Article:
Two is better than one against tick viruses

Ticks can transmit viruses that can cause brain infection requiring hospitalization. New work shows that one such viruses, named TBEV, rapidly develops resistance to treatment, but this can be overcome when two antibodies are combined.

Bellinzona, 25.09.2023 – Ticks can transmit a number of viruses that can cause human disease. Tick-Borne Encephalitis Virus (TBEV) is one of them: it can cause brain infections (encephalitis), which can be lethal. Despite the existence of an effective vaccine against TBEV, thousands of individuals are hospitalized every year, in Switzerland and other European Countries, because of TBEV encephalitis. Even upon recovery, neurologic problems can persist for years in affected individuals.

An international research team, which included scientists at the Institute for Research in Biomedicine (IRB, affiliated to the Università della Svizzera italiana), recently discovered antibodies that are efficacious at once against TBEV and several other tick viruses (see link).

In the new study by researchers at the IRB and the Czech Academy of Sciences (CAS), two antibodies with potential for clinical development were analyzed in more detail. Although in the presence of a single antibody, the virus was able to evolve and develop resistance to treatment, it became less pathogenic. Moreover, the combination of two antibodies was able to prevent the development of resistance altogether.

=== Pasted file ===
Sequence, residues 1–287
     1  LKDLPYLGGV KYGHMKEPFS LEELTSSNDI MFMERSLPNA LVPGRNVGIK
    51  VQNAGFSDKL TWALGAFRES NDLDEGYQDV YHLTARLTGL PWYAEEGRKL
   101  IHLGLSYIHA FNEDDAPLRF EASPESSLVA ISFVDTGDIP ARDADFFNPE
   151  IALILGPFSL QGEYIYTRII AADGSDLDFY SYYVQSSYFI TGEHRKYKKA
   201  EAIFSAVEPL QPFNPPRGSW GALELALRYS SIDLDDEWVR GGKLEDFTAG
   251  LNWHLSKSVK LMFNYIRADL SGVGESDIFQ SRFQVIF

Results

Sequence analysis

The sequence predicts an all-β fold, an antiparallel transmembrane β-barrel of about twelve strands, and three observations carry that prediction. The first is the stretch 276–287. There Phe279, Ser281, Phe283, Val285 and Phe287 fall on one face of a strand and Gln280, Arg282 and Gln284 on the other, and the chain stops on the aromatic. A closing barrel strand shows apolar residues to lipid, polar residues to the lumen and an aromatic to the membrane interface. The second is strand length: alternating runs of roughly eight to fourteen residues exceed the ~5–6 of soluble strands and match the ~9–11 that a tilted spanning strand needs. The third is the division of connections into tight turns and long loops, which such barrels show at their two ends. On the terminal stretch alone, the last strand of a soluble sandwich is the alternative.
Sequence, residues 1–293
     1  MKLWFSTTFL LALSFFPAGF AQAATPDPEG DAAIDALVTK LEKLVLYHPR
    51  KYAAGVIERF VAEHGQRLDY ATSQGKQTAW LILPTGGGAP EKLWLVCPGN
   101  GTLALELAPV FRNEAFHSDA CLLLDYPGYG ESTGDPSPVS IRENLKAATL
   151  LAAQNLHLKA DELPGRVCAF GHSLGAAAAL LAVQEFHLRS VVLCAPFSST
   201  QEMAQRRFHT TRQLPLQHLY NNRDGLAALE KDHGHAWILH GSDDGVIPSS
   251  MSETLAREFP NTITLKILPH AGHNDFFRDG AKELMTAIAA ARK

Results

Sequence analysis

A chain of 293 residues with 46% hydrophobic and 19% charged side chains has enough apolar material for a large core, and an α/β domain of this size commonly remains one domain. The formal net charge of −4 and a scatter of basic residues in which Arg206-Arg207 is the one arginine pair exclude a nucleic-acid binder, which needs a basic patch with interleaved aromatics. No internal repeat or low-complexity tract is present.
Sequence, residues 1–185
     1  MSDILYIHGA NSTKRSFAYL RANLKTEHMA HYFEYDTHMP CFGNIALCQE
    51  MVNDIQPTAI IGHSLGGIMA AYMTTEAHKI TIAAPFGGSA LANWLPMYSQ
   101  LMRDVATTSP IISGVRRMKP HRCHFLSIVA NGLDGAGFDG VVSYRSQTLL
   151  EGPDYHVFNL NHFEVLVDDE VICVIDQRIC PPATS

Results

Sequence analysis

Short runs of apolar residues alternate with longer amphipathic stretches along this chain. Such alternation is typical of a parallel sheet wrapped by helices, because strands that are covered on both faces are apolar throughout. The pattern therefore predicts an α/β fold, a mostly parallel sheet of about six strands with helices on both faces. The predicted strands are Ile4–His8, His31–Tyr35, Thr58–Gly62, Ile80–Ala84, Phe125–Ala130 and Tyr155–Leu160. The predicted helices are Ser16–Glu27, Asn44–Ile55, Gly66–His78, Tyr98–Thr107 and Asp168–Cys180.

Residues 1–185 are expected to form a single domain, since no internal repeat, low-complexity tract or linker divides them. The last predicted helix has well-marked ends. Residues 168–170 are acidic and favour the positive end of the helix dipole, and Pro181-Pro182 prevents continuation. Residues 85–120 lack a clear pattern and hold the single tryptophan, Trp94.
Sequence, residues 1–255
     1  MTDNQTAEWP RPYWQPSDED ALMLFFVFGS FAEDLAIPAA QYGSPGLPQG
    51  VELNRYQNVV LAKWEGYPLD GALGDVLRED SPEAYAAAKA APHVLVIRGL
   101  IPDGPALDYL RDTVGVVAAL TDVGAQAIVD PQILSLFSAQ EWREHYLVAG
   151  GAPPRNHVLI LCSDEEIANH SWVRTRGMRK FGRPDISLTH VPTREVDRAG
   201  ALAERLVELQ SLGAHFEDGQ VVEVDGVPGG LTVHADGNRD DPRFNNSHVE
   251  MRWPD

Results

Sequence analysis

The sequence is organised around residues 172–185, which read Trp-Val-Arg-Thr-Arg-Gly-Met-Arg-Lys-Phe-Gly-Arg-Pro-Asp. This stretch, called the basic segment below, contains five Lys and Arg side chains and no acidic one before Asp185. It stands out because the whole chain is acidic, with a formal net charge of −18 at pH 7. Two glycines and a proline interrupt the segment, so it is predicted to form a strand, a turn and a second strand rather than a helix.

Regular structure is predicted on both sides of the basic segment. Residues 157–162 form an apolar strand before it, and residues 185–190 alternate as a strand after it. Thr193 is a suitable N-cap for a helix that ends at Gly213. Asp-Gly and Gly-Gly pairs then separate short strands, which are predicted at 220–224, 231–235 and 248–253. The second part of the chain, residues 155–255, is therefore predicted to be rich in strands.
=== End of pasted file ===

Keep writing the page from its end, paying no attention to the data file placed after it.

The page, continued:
“TBEV is bit like the coronavirus” says Davide Robbiani, Head of the Laboratory of immunology and infectious disease and Director of the IRB, “it continues to mutate, finding ways to evade our defenses”. “The good news is that even if the virus escapes treatment, in doing so it becomes less harmful. And combining just two antibodies is more effective than a single antibody alone”, adds Daniel Ruzek, Head of the Laboratory of Arbovirology at CAS and co-lead on the study. These antibodies are now advancing towards the clinic for TBEV-infected patients at risk of developing encephalitis.

The work is continuing with support by a joint grant of the Swiss National Science Foundation and the Czech Science Foundation. The discovery adds to the ongoing initiative at the IRB on pandemic preparedness and emerging infectious diseases (see link).

Link to the scientific article in Cell Reports


Ixodes ticks transmitting TBEV
Photo by Jan Erhart